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Factors causing supply chain shortages and delays are still here. But manufacturers and retailers are taking them into account as they prepare for the holiday rush.
A slower than expected return to normal
Two years plus into the pandemic, supply and demand is still out of balance for many markets and industries. While the factories that the world relies on in China have mostly reopened, as the delta variant has spread, we’ve seen intermittent closures in other key production centers like Vietnam and Malaysia.
Supply remains unpredictable. For example, closures in Vietnam, where skilled workers make a lot of the name-brand footwear that consumers are eyeing for gifts, are particularly worrisome — especially against strong demand. Consumers are generally flush and eager to buy, driven by pent-up demand, excess savings and an ever-growing appetite for technology products and services.
A short supply of bargains
“Overall, retailers have planned inventory very conservatively heading into the holidays, with the intention of maximizing full price selling,” says Mari Shor, senior equity research analyst (focused on retailers) at Columbia Threadneedle Investments. “In fact, this trend of lower promotions is not new for the holidays. Retailers have been planning conservatively and had lower promotions throughout the pandemic. Recent history is giving them confidence that aggressive promotions are a thing of the past and so consumers really won't have a choice if they want to buy certain products; they're going to have to pay full price. As a consumer that might not feel great, but for investors in the space, that sort of pricing power is critical.”
One of the reasons clothing retailers may have a happier holiday is an evolution in their supply chains that occurred prior to COVID. “Retailers and brands have always had to figure out ways to improve inventory management. Even if you're producing the best product in the world and you have the best marketing behind it, if you don't have a fast and flexible supply chain, you're either overproducing or under producing. Supply chain speed, flexibility and resilience are requirements to success. So, we are seeing many companies doing a better job of bringing goods into stores for the holiday season even with the current challenges — and doing it by any means necessary in some cases.”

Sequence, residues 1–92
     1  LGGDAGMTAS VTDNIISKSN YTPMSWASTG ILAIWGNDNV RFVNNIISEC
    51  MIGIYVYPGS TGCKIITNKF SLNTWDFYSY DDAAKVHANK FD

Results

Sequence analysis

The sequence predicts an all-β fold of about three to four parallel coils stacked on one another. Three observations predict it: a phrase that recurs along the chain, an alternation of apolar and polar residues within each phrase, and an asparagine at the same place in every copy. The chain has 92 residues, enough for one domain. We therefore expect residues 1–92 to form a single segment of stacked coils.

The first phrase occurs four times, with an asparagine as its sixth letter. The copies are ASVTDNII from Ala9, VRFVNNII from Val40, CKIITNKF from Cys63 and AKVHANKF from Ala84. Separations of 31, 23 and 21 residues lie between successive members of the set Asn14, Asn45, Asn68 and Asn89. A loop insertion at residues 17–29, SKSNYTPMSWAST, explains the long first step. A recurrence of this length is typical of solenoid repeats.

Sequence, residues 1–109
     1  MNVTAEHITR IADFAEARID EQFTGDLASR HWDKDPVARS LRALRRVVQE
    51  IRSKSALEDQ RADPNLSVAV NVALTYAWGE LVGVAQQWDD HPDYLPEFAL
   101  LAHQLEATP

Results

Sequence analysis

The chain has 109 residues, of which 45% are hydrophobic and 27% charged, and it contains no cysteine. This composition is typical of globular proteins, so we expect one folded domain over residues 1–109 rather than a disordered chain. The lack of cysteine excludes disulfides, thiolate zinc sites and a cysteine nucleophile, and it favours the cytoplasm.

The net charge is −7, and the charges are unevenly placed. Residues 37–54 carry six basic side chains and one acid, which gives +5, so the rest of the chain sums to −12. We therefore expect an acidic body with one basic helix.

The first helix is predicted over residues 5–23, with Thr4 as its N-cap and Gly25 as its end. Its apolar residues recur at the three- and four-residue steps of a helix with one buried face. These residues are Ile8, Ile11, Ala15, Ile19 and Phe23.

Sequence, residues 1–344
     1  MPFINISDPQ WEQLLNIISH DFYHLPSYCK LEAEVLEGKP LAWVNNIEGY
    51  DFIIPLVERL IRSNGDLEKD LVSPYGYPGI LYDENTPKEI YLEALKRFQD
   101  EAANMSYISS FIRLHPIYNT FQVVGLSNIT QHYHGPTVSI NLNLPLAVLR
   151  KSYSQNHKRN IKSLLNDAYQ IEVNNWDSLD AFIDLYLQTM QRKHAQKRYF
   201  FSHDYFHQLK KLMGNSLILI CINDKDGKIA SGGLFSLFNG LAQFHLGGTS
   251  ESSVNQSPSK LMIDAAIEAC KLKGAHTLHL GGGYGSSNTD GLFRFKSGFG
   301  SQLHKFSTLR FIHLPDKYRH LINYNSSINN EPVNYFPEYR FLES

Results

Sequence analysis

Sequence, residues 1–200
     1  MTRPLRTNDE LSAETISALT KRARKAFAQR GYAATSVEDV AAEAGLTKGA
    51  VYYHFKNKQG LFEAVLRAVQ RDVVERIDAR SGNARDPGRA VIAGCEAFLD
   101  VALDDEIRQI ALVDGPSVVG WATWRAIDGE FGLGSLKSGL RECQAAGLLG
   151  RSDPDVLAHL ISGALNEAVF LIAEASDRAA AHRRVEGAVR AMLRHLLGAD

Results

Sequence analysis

All supply chains are not created equal
For many other supply chains, though, the outlook remains uncertain. A case in point is microchips, which are still in short supply after major disruptions earlier in the pandemic. “For hot holiday commodities like gaming consoles, lack of chips is affecting everything from development to release schedules to retail availability and prices,” says Dave Egan, senior equity analyst for semiconductors and semiconductor equipment at Columbia Threadneedle. “The big electronics manufacturers are probably going to struggle to meet demand.”
While the picture is slowly improving, we have a way to go before supply chains regain their consistency and predictability.
The big bottleneck
The common denominator for all supply chains is transportation — or more accurately, the lack of it. Routine shipping and transport have been fundamentally disrupted and working out the kinks is taking time. “High shipping costs, congestion at ports and labor shortages are all factors,” says Paul DiGiacomo, Head of Equity Research at Columbia Threadneedle. “So, it’s not only taking longer for products to get where they need to be, it’s much more expensive to get them there.” In the end, it’s likely that those increased costs will be passed on to consumers.
The bottom line
Pressure on supply chains is likely to continue through the holidays. For their part, manufacturers and retailers are doing everything within their power to get product to market for the holidays, but much is still out of their control. For consumers, the holiday season is likely to be more expensive.